Credit: Reuters/Robert Galbraith
There are failed products, and there are failed products. Consider three notable flops: Apple's Newton, Ford's Edsel, and Microsoft's Surface. The Newton failed because the technology simply wasn't ready for prime time. The Edsel failed because it was ugly and its design was wildly out of sync with consumer preferences. But the Surface outdid them both: Its technology is badly flawed, and it's entirely out of sync with what the buying public wants.
And now we learn that the Surface has done even more damage to Microsoft than was apparent last week when the company announced a $900 million writedown on the millions of unsold Surface RT tablets piling up in warehouses. It turns out that total sales of both the Surface RT and the Surface Pro amounted to a paltry $853 million, according to the 10-K report to the Securities and Exchange Commission Microsoft published this week.
[ Bill Snyder explains why Apple has thrived but Dell may die. | Woody Leonhard outlines the fundamental failure of the Microsoft Surface. | Stay ahead of the key tech business news with InfoWorld's Today's Headlines: First Look newsletter. ]
That's $53 million less than the charge Microsoft took for the Surface RT debacle and reflects revenue it collected after it cut the price of the ARM-based tablet to $150. With all due respect to my colleague Woody Leonhard, who said the other day that the company's quarterly report didn't include any "heart-stopping revelations," this one is a real chest-grabber. (Leonhard changed his tune when the 10-K came to light.)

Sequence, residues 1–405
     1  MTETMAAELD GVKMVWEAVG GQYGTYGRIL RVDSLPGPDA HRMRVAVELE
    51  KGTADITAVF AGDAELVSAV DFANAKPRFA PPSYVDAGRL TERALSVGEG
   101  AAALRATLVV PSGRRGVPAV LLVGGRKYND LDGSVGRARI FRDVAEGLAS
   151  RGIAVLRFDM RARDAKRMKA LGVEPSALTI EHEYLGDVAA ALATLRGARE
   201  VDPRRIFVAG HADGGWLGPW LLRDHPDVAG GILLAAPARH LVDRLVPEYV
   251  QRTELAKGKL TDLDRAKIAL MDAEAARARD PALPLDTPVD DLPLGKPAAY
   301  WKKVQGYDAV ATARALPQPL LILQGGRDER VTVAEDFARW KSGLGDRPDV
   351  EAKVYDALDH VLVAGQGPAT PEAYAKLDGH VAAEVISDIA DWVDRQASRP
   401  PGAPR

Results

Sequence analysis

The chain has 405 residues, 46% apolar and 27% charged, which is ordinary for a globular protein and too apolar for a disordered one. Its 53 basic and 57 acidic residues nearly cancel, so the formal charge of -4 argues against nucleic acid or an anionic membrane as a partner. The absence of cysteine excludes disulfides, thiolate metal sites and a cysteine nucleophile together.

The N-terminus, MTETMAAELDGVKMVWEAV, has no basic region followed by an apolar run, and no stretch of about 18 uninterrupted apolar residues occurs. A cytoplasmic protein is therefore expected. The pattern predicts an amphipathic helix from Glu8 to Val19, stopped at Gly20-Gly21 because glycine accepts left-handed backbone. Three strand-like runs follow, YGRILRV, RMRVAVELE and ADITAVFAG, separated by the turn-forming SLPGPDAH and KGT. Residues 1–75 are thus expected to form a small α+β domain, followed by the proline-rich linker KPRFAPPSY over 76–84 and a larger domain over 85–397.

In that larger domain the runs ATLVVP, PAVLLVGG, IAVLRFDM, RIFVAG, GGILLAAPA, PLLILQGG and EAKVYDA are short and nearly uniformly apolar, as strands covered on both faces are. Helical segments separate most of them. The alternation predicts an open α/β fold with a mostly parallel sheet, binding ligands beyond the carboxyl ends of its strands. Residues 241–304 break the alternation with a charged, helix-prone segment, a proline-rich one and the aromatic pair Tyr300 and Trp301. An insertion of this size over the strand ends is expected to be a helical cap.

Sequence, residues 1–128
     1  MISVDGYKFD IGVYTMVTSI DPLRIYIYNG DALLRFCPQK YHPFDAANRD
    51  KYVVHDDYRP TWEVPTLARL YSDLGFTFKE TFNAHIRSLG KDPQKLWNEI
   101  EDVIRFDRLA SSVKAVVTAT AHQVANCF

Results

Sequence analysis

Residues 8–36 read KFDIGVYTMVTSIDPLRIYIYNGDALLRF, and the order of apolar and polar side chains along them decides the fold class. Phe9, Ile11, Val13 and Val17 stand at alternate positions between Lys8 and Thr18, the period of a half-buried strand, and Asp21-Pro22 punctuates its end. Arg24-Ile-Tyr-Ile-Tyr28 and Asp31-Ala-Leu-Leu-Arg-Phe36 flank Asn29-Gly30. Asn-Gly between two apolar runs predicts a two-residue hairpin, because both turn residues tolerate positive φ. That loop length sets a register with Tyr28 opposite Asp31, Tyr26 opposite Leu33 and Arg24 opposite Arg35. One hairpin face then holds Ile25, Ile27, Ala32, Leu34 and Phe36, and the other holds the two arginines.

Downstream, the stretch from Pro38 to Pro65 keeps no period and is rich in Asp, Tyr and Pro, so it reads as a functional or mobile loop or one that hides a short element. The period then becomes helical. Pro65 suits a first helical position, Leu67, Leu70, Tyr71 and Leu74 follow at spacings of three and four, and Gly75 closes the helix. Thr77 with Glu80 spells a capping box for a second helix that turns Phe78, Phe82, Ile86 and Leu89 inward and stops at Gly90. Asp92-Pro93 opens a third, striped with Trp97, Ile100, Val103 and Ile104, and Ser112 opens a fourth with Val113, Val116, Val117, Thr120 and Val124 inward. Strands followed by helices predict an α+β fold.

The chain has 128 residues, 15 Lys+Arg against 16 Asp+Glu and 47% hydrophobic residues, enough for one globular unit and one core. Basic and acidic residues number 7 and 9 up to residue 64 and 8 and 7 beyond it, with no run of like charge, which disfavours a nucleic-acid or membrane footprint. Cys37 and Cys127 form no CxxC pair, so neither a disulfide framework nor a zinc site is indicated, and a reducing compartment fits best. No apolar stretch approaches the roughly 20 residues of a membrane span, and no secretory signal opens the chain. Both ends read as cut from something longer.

The ugly sales figure illustrates the total failure of the Surface, which in turn illustrates the failure of Windows 8 and leadership at Microsoft. Somebody has to take the hit for this, and that person is CEO Steve Ballmer.
Is the Surface worse than the Edsel?
Leonhard and others are right when they call the Surface a $1 billion failure. But Microsoft is sitting on a huge pile of cash. From a purely balance-sheet perspective, it's ugly but not that big a deal. But in the broader context, it's more than a big deal: It's a systemic failure. Microsoft has not come to grips with the slow death of the PC market, and the Surface is merely a symptom.
Consider the Newton. That happened so long ago, most of us have forgotten it ever was born. If you do a search on Bing images for "Doonesbury Newton cartoon," you'll see the famous strip where Mike tries to write "Catching on?" on his new Newton and it replies "Egg Freckles?"
Ridicule is the severest form of criticism, but the Newton didn't do long-term damage to Apple, even though it was an expensive flop. That's because it actually was a good idea. What's more, it was a precursor to the very successful Palm Pilot (launched in 1997) and a distant ancestor of the iPhone.
Note the time span between the Newton and the Palm Pilot: four years. That's how far Apple was ahead of the curve.